Congressman Grijalva's resolution authorizes and directs House Natural Resources Chairman Nick Rahall, D-WV, to notify the Interior secretary and the Agriculture secretary, on its behalf, that the committee finds that an emergency situation exists regarding uranium mining near Grand Canyon National Park and that pursuant to section 204(e) of the Federal Land Policy and Management Act of 1976 (43 U.S.C. 1714(e)) and 43 CFR 2310.5, the Interior secretary shall, subject to valid existing rights, immediately withdraw the approximately 1,068,908 acres of federal land generally depicted on the map entitled, "Grand Canyon Watersheds Protection Act of 2008," dated May 28, 2008, and accompanying this resolution from all forms of location and entry under the United States mining laws (30 U.S.C. 22 et seq.) for a period not to exceed three years.

Comments

This is great news. Kudos to Congressman Grijalva for standing up to protect our monuments. It's nice to know that some folks in DC still view our national parks as something more than shooting galleries and oil fields.

I think this post raises an interesting issue that Park Advocates have been slow to address. In particular - would should be the role of boundaries in the National Park System? The opening paragraph of this post suggests protecting *1 Million Acres* from mining. Of course, mining is already prohibited in Grand Canyon National Park, so this would be * 1 Million Acres* that are all outside of the Park. Now, Grand Canyon is already one of the larger National Parks in the System, but I would be all in favor of expanding those. Unfortunately, expanding the boundaries of Grand Canyon wouldn't solve this problem - it would merely expand it - since there would presumably be 1 Million More Acres outside the new boundaries of Grand Canyon National Park that could similar threaten the new National Park boundaries through mining, development, or other activities.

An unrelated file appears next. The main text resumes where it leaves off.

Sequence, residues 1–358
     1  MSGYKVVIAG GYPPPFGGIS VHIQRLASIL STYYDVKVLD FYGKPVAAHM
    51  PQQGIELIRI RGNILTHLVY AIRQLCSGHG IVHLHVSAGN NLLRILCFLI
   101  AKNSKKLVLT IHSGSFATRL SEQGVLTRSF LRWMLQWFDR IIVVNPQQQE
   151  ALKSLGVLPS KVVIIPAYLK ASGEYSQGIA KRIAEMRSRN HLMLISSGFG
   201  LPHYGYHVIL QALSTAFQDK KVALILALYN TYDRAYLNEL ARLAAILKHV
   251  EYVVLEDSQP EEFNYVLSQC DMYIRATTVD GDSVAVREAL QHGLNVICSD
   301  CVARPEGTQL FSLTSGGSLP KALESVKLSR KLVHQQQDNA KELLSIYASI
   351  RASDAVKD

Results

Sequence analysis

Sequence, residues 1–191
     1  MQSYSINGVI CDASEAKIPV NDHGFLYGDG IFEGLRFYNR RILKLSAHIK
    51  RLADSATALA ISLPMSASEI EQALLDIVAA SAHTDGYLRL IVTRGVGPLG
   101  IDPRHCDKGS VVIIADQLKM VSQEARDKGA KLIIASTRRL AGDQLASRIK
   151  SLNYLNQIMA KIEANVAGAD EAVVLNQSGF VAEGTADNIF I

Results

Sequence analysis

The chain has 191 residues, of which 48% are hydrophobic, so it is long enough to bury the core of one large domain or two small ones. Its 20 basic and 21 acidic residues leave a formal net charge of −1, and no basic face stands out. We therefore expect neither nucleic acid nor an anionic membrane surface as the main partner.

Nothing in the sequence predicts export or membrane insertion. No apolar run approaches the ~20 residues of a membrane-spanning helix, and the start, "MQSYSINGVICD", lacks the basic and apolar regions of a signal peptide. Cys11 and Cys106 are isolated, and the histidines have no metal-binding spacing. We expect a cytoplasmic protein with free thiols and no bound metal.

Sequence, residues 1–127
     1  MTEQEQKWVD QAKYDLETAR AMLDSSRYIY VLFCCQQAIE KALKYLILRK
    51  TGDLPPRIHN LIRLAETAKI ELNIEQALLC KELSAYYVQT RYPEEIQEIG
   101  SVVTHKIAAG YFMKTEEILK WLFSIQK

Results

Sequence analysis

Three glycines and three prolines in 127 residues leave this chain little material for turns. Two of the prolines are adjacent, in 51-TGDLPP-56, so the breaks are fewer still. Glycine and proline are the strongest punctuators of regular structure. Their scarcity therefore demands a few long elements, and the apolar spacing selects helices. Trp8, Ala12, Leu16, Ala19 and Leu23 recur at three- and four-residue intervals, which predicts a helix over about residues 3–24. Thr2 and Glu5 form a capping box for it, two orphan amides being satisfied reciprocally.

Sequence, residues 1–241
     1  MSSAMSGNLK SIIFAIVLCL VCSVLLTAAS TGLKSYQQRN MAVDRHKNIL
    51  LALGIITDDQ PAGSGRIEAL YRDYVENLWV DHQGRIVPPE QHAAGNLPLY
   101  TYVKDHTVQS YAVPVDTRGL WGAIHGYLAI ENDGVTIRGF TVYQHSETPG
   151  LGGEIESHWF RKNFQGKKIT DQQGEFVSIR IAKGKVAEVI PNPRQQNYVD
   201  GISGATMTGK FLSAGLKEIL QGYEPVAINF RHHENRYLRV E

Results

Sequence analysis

This issue particularly concerns me because as Park Advocates continue to argue for larger and more-protected "halos" around National Parks in order to protect those Parks, they also unwittingly give ammunition to opponents of the Parks who become ever-more concerned about the possible unwelcome impacts of having the National Park System as a neighbor.

I agree with Sabattis.

It is a problem that people come to the Olympic National Park, stand atop high elevations (to which they usually drove in a car, on a paved highway), and decry that they can see evidence of logging - the patch-work of clearcuts and regenerating forestry-units - covering hills & ridges many miles away, far outside the Park boundary. "That's just awful. How can they get away with it?"

National Forest lands are not Parks. They are open to mineral exploration, mining claims, and extraction. And if they are one of the Forests that have trees - logging! The lands outside Grand Canyon National Park are ... not Park. Demanding that they be treated as though they are, is irrational.

There is a cost to this mind-set & behavior. The credibility of the environmentalist movement as a whole suffers. We live in an era of gradually increasing conservatism which may well be pulling steadily ahead of liberalism.

For the Green ethos to display itself as grasping is to court dismissal in the perception of the general (voting) public.